This forum has been closed.
    Comments
         
    There are no comments in this forum. Be first and add one

    Featured Videos

    Your JavaScript is turned off or you have an old version of Adobe's Flash Player. Get the latest Flash player.
    Turkish Kurd Islamist Rally Stokes Tensionsi
    X
    April 29, 2016 12:28 AM
    In a sign of the rising power of Islamists in Turkey, more than 100,000 people recently gathered in Diyarbakir, the main city in Turkey’s predominantly Kurdish southeast, to mark the birthday of the Prophet Muhammad. The gathering highlighted tensions with the pro-secular Kurdish nationalist movement. Dorian Jones reports from Diyarbakir.
    Video

    Video Turkish Kurd Islamist Rally Stokes Tensions

    In a sign of the rising power of Islamists in Turkey, more than 100,000 people recently gathered in Diyarbakir, the main city in Turkey’s predominantly Kurdish southeast, to mark the birthday of the Prophet Muhammad. The gathering highlighted tensions with the pro-secular Kurdish nationalist movement. Dorian Jones reports from Diyarbakir.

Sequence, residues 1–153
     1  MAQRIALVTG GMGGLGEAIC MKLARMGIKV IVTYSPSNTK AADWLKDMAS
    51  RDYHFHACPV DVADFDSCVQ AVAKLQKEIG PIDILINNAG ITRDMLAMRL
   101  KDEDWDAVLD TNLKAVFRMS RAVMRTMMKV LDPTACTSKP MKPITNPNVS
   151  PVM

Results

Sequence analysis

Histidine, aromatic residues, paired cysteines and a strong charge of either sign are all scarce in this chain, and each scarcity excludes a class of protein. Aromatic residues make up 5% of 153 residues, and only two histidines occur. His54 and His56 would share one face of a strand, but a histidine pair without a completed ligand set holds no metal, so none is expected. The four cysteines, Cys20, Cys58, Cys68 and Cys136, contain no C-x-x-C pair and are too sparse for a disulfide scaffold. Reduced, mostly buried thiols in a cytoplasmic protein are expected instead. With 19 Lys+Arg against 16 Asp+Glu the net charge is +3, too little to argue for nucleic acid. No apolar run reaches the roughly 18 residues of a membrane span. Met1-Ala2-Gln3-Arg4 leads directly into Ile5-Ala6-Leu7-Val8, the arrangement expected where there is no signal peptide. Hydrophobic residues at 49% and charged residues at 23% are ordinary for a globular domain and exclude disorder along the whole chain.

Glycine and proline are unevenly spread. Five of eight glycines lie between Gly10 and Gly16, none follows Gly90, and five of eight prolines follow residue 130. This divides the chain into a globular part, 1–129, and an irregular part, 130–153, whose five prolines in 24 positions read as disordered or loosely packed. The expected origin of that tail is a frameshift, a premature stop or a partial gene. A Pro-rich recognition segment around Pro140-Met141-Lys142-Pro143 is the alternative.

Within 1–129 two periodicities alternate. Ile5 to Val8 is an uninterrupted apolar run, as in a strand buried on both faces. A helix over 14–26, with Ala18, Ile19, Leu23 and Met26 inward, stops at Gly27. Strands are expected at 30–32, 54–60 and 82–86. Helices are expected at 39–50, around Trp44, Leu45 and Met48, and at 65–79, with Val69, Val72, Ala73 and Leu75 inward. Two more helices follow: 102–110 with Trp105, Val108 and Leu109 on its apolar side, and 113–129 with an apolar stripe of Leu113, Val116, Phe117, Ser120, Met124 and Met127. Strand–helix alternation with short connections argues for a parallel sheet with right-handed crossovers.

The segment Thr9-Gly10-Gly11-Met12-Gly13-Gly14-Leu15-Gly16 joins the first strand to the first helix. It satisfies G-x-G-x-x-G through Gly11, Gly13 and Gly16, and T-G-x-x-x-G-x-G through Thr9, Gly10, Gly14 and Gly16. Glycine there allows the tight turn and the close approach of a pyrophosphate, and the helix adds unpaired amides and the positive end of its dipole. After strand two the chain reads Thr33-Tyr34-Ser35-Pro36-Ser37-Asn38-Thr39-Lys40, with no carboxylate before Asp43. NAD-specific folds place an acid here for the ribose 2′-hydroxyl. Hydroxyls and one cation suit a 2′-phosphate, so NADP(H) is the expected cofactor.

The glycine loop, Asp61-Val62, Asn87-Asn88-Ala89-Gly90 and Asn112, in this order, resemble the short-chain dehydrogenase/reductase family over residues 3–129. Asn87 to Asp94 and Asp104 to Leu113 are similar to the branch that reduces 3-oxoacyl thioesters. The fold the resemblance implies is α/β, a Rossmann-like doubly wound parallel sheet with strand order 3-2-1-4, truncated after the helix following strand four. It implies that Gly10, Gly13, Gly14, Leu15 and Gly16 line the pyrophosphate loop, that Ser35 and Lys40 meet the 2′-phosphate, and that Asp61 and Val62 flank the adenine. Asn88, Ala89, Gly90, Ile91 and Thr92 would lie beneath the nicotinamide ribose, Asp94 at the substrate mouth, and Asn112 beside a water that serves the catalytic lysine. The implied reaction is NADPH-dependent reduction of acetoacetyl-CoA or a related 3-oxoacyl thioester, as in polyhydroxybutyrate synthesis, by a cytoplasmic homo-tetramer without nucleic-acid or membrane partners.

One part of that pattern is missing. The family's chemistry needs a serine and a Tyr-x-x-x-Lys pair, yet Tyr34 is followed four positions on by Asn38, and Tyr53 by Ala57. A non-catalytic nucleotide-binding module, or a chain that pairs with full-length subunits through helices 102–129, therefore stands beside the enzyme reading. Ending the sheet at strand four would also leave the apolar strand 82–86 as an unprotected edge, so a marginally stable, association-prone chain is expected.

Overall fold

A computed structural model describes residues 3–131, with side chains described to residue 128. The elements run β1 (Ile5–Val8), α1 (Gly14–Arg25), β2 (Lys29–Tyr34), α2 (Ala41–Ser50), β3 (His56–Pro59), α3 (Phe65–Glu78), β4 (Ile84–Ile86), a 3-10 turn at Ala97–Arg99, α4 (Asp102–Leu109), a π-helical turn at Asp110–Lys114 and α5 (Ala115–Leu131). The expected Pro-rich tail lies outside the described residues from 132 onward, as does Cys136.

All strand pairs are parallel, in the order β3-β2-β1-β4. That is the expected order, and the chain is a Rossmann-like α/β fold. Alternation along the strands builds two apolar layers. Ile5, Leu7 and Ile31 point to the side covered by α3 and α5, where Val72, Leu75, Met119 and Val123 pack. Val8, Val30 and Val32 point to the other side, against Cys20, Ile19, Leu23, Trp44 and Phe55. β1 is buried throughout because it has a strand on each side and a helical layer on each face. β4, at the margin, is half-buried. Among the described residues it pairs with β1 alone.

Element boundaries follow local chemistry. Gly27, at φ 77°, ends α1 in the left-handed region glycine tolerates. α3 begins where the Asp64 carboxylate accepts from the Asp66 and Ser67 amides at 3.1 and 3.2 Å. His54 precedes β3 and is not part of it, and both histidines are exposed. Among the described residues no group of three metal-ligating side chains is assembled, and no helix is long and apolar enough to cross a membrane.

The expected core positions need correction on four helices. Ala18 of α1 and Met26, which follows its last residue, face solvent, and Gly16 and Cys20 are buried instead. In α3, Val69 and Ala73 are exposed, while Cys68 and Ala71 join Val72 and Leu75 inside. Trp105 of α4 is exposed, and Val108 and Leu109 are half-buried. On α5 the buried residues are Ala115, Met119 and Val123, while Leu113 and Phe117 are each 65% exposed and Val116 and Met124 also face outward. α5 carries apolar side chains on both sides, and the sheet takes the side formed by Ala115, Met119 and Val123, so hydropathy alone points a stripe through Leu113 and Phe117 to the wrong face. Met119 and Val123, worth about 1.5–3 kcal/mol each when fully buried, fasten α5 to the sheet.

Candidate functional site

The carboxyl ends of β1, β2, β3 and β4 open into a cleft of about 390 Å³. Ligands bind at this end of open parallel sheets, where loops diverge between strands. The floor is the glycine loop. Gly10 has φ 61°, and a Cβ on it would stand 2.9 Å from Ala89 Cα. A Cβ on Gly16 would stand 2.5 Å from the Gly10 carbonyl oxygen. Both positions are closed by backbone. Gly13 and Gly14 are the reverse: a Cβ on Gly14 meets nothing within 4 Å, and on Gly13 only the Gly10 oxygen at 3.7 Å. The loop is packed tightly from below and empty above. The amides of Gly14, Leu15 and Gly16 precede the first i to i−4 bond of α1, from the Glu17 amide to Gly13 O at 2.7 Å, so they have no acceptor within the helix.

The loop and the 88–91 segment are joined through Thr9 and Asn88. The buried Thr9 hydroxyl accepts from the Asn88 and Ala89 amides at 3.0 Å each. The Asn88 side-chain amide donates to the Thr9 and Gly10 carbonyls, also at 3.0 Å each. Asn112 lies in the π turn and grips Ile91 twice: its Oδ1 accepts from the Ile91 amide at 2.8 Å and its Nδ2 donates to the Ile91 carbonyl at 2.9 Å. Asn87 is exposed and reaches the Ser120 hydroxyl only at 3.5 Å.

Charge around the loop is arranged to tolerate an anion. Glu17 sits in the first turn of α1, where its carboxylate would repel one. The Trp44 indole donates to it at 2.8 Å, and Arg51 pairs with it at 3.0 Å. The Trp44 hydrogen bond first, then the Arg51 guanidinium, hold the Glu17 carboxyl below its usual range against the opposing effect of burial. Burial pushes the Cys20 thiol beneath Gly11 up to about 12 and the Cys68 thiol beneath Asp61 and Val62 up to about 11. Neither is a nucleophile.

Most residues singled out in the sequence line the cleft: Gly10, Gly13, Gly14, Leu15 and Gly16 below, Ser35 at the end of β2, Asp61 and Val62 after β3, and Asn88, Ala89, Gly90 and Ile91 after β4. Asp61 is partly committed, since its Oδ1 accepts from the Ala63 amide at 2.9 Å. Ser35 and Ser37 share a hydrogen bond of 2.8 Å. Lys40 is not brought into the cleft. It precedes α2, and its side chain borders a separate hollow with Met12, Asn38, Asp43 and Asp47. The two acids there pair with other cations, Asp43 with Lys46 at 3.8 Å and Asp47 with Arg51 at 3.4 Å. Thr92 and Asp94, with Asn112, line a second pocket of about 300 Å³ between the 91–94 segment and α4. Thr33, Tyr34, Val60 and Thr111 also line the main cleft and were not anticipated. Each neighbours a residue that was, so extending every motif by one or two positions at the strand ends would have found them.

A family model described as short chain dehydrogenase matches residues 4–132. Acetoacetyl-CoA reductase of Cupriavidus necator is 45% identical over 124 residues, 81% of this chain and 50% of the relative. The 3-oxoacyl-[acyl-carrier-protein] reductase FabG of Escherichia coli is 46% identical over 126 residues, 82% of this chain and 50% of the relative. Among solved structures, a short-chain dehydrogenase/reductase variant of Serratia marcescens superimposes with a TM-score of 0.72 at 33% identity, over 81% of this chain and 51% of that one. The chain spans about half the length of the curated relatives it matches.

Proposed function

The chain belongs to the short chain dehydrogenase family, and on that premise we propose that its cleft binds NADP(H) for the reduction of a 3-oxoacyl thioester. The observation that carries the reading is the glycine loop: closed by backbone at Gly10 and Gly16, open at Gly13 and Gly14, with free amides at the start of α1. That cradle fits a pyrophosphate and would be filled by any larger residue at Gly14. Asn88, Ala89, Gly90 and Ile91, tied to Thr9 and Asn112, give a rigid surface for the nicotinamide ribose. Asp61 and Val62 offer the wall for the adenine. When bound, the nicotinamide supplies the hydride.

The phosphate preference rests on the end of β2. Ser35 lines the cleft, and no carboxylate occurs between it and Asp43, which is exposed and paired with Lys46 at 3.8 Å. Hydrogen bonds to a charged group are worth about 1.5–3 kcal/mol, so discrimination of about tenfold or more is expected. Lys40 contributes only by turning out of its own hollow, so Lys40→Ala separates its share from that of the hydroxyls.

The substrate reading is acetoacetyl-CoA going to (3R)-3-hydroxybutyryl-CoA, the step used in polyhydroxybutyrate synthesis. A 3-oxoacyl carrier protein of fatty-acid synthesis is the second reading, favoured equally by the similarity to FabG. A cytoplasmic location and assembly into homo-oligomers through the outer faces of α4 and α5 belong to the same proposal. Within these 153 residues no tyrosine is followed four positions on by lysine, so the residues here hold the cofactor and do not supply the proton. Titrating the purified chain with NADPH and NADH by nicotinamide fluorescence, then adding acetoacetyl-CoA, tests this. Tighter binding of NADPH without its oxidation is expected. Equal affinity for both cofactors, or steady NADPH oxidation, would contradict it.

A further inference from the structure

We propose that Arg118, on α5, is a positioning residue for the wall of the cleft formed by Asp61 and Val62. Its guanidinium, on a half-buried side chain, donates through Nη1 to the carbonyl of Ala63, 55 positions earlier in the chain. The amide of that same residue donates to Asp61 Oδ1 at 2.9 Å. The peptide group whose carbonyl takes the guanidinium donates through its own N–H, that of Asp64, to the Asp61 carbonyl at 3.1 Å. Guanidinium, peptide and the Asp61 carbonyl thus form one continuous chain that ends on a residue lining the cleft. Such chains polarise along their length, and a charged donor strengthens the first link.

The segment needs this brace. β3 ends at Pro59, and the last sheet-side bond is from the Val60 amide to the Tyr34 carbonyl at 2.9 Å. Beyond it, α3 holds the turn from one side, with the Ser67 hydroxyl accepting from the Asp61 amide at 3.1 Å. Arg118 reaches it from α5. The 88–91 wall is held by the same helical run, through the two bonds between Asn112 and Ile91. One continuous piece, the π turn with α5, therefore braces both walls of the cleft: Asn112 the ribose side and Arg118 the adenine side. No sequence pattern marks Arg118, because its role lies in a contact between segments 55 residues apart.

Video

    Video Pakistani School Helps Slum Kids

    Master Mohammad Ayub runs a makeshift school in a public park in Islamabad. Thousands of poor children have benefited from his services over the years, but, as VOA's Ayesha Tanzeem reports, roughly 25 million school-age youths don't get an education in Pakistan.
    Video

    Video Florida’s Weeki Wachee ‘Mermaids’ Make a Splash

    Since 1947, ‘mermaids’ have fascinated tourists at central Florida’s Weeki Wachee Springs State Park with their fluid movements and synchronized ballet. Performing underwater has its challenges, including cold temperatures and a steady current, as VOA’s Lin Yang and Joseph Mok report.
    Video

    Video Somali, African Union Forces Face Resurgent Al-Shabab

    The Islamic State terror group claimed its first attack in Somalia earlier this week, though the claim has not been verified by forces on the ground. Meanwhile, al-Shabab militants have stepped up their attacks as Somalia prepares for elections later this year. Henry Ridgwell reports there are growing frustrations among Somalia’s Western backers over the country’s slow progress in forming its own armed forces to establish security after 25 years of chaos.
    Video

    Video Bangladesh Targeted Killings Spark Wave of Fear